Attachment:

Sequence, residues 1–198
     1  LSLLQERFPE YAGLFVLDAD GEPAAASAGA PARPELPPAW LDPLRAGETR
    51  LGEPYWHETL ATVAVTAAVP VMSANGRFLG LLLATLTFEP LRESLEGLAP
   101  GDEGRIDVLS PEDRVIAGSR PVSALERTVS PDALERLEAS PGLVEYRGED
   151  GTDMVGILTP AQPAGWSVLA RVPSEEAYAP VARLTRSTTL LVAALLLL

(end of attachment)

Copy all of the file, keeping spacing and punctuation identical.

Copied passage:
Sequence, residues 1–198
     1  LSLLQERFPE YAGLFVLDAD GEPAAASAGA PARPELPPAW LDPLRAGETR
    51  LGEPYWHETL ATVAVTAAVP VMSANGRFLG LLLATLTFEP LRESLEGLAP
   101  GDEGRIDVLS PEDRVIAGSR PVSALERTVS PDALERLEAS PGLVEYRGED
   151  GTDMVGILTP AQPAGWSVLA RVPSEEAYAP VARLTRSTTL LVAALLLL